Registrar (REG) / Specialist Registrar (SPR) / Staff Grade / Middle Grade
Minimum of two years experience in their field of work, having begun the process of specialising, usually with part one completed of the fellowship exams.
Are usually members of their Royal College.
Have passed both parts of the fellowship exams.
For more detailed information see http://www.rcplondon.ac.uk
With Global Medics you are collected from the airport and either driven to your hospital to the relevant train station. Your travel expenses are paid from port of entry to the hospital, which is one return journey. Any expenses you incur should be added to your first timesheet and they will be reimbursed.
Public transport in the UK is excellent. The train network north to south is very good and frequent, but less so east to west. Tickets booked in advance (over the telephone or online) can be as much as a third of the price of paying on the day of travel. Where possible, bring a credit card with you to take advantage of such savings if you are planning to do some traveling whilst in the UK.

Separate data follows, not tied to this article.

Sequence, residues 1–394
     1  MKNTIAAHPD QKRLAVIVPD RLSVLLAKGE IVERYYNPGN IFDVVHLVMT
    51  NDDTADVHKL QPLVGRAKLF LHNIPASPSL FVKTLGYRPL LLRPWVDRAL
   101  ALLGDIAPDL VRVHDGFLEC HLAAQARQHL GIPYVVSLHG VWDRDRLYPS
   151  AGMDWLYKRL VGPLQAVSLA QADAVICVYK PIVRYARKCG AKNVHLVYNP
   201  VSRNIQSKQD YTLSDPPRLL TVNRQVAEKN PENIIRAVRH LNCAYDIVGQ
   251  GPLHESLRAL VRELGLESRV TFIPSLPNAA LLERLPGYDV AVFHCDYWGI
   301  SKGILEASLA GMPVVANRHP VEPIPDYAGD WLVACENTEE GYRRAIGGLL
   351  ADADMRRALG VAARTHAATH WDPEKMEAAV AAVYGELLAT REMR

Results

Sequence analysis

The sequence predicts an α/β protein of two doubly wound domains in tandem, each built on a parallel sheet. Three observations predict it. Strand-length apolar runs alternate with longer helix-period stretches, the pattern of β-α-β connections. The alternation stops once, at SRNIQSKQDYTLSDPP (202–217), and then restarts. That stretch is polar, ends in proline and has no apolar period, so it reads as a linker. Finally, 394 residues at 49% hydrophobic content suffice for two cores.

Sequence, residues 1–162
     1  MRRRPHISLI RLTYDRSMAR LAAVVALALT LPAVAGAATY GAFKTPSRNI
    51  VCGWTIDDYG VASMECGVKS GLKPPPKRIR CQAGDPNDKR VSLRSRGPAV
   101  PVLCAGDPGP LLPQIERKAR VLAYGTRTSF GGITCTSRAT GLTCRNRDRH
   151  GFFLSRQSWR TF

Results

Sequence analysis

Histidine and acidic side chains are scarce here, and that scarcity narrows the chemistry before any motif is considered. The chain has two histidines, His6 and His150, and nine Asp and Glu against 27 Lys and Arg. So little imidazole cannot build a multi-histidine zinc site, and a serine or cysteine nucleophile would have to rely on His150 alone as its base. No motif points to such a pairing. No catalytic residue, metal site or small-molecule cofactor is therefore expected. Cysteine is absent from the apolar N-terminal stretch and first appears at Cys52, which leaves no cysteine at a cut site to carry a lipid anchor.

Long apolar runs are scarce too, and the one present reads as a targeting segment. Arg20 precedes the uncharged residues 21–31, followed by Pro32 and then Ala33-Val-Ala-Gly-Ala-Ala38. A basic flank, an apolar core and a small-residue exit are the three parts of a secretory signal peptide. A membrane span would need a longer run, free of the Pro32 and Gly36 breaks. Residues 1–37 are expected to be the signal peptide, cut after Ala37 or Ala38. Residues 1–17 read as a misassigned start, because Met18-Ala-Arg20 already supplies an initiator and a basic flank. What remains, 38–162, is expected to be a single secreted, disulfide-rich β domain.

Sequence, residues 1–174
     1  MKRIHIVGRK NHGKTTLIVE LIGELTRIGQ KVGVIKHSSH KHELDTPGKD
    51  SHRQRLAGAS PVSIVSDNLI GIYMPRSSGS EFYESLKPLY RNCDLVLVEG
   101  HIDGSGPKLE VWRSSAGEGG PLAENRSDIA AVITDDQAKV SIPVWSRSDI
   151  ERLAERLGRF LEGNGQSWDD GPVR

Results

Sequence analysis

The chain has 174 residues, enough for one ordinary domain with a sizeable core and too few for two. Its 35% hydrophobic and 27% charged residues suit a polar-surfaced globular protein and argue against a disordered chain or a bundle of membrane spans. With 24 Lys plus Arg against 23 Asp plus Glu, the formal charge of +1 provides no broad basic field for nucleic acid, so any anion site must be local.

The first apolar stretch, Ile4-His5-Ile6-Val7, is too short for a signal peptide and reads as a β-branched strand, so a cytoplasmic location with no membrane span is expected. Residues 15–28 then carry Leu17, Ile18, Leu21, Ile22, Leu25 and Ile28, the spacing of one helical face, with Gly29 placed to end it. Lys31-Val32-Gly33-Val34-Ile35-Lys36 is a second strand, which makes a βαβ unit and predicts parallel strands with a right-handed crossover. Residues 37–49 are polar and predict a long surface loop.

Travel from the UK to Europe is also relatively cheap if you are planning on coming for longer and know your dates in advance.
All reimbursement/payment of travel and accommodation expenses are negotiated on a case-by-case basis by Global Medics directly with the prospective employer.
Finding married quarters’ accommodation within the NHS is extremely difficult. The apartments are highly sought after and are kept for full time staff or locums who intend to stay with the hospital for an extended period of time.